Can the AI regulation save workers from surveillance capitalism?

AI systems in the workplace raise fears for workers' rights. [Blazej Lyjak (shutterstock)]

As algorithms continue to have an ever more crucial role in the workplace, lawmakers are concerned over their influence on workers’ rights and wellbeing. A risk-based approach to Artificial Intelligence regulation tries to tackle this challenge, but is it enough?

The pandemic forced many employees to work from home. Along with the work, many also took their employers home, as management tried to supervise what they were up to while on duty, but not in the office. Several software companies now offer products that monitor workers via webcams and track their activities remotely.

Moreover, artificial intelligence has a particular influence on working conditions for workers outside traditional employment, a report by the International Labour Office shows. Platform workers get assigned (or not assigned) work based on automated decision making processes, placing their earnings at the whim of algorithmic decisions.

In April 2021, the EU Commission proposed an AI regulation that aims to prevent the harmful consequences of automated decision-making algorithms. The regulation proposal classifies different applications of artificial intelligence according to the risks they pose.

AI systems used in the workplace to help manage and recruit employees are considered “high-risk” in the proposal. According to the Commission, high-risk AI systems should not be banned, but they should provide “adequate risk assessment and mitigation systems”. Among other measures, they also need to ensure “appropriate human oversight measures to minimise risk.”

Member of the European Parliament Brando Benifei worries that these measures are not enough. If the risk assessment demanded by the regulation can be done in an internal process, he fears that workers will not be protected enough from adverse effects.

“Self-assessment for such invasive practices should not be allowed. Empowering social partners and involving employees is key. We need to make sure that workers do not become an expendable commodity at the service of an algorithm”, Benifei told a EURACTIV event.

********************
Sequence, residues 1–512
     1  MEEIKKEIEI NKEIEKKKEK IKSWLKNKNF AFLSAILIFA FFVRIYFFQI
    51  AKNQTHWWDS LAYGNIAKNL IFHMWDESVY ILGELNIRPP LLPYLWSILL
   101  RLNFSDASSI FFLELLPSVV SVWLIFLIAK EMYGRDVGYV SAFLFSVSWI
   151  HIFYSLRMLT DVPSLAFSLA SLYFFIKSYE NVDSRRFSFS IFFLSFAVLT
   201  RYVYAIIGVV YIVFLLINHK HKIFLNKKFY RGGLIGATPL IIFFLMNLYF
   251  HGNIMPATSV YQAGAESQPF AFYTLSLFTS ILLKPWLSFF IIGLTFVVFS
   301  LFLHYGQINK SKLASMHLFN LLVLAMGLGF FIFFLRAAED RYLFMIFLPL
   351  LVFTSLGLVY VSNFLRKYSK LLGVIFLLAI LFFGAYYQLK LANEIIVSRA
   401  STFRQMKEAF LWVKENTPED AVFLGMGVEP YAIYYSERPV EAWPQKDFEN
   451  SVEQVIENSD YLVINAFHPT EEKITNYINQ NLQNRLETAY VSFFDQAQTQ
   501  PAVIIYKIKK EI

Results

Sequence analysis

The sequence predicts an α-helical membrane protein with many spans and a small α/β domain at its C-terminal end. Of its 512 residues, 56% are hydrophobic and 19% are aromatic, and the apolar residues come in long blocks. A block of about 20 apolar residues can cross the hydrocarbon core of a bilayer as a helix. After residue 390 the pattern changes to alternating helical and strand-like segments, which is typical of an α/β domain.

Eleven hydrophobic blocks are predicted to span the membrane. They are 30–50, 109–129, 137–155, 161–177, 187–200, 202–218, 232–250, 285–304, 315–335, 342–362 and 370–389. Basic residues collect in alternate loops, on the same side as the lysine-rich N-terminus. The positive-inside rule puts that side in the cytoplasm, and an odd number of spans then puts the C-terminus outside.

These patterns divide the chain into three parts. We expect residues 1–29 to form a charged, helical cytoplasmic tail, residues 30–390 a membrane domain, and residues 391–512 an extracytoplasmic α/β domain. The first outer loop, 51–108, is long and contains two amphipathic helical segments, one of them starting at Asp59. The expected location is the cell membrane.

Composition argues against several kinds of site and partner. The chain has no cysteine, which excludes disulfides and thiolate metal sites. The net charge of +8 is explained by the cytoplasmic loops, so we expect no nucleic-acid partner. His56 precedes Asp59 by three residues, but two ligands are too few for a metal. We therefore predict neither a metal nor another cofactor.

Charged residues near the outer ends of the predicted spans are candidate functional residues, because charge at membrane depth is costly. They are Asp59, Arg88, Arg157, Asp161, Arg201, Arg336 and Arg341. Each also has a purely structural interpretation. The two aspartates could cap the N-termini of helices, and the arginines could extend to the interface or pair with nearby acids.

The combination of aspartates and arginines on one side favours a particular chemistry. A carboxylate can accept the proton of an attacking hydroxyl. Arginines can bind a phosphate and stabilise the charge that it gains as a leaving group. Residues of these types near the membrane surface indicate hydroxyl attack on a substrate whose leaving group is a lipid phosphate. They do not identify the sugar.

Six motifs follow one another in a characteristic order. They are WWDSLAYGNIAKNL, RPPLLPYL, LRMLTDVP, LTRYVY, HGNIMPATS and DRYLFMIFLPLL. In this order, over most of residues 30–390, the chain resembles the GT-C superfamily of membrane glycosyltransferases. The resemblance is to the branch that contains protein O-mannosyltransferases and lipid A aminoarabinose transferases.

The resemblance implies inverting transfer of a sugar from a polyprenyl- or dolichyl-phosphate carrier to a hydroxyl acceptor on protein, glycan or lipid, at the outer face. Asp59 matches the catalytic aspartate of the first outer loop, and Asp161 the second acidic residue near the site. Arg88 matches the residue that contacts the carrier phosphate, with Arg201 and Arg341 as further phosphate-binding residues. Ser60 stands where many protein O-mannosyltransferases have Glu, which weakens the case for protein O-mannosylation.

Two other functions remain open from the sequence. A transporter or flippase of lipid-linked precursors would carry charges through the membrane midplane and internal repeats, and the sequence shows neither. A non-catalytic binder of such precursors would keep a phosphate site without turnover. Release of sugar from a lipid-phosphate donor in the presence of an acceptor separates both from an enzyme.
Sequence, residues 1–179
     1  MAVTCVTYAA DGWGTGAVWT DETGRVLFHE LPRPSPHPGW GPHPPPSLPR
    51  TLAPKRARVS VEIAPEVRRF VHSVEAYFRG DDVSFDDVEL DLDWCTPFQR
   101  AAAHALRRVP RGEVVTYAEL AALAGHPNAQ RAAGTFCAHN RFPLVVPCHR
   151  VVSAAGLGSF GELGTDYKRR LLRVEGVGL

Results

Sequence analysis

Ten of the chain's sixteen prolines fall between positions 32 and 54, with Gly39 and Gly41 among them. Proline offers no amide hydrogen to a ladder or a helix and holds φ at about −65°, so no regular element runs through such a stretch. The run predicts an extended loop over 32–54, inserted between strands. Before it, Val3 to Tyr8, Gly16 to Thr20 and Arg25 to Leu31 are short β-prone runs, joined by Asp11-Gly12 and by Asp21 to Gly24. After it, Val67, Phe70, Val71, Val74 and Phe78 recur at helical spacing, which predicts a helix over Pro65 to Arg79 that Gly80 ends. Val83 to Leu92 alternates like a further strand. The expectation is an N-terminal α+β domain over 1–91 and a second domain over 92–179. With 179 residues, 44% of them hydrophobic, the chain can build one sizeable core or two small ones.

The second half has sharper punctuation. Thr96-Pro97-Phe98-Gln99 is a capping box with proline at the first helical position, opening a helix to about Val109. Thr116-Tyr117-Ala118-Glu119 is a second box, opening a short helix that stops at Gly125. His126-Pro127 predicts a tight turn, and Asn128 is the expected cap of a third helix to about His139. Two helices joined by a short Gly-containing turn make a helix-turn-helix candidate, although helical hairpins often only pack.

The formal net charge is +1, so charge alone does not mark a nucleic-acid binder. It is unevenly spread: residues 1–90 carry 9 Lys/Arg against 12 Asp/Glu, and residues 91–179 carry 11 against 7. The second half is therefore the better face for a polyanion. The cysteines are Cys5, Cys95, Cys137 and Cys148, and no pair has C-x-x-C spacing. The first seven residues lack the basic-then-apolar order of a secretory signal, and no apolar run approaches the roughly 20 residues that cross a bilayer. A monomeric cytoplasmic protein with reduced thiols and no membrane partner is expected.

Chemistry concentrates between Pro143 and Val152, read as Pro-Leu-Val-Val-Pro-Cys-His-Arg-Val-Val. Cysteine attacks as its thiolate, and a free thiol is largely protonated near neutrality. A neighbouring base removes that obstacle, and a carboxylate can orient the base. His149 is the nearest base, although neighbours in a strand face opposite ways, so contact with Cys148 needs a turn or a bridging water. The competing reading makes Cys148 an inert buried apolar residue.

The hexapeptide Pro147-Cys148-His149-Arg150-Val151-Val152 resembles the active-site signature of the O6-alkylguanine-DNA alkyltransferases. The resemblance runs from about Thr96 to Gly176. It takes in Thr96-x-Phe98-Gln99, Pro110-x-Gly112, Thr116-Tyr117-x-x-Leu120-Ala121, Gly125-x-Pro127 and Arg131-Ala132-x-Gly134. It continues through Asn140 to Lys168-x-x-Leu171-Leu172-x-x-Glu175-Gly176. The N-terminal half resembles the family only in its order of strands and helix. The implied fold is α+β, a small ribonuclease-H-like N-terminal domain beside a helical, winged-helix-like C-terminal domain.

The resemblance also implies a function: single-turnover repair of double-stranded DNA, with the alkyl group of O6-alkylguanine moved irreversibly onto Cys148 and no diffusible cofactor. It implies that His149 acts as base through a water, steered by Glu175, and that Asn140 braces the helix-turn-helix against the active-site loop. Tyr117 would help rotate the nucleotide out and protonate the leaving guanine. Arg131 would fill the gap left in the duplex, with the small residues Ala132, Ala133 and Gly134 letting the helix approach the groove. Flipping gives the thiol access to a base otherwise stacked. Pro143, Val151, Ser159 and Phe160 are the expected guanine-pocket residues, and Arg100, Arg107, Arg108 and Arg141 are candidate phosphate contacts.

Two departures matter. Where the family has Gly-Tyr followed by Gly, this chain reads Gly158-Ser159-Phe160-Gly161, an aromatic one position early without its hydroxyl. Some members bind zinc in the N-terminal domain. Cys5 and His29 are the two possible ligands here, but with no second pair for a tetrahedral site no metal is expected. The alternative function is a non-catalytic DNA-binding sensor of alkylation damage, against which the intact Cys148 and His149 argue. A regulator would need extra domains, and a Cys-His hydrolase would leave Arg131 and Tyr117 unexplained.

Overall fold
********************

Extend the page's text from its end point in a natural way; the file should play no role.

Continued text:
Laura Nurski, a research fellow at Bruegel, pointed out that management via algorithms could lead to mental health problems for workers. According to her, algorithms tend to automate decisions about the order of tasks and the speed or rate of work. Algorithms thereby take liberties away from workers that are essential indicators of job quality.

“There is a real risk that these forms of workplace AI could […] set worker wellbeing back 100 years”, Nurski wrote.

In a recent panel discussion, she also pointed out that artificial intelligence could lead to positive developments for workers because boring and repetitive tasks could be replaced. This might bring problems as some workers will lose their jobs. Nurski stressed the importance of providing workers with the right skills for the future of work.

Identifying which employees might need which skills could also be one of the strengths of artificial intelligence applications, said Jens-Henrik Jeppesen of workday, an HR management software provider.

The proposed AI regulation is currently being discussed in European institutions. Both the European Parliament and member states governments will have to agree to the regulation before it can enter into force.

> Watch the full EURACTIV event below on YouTube

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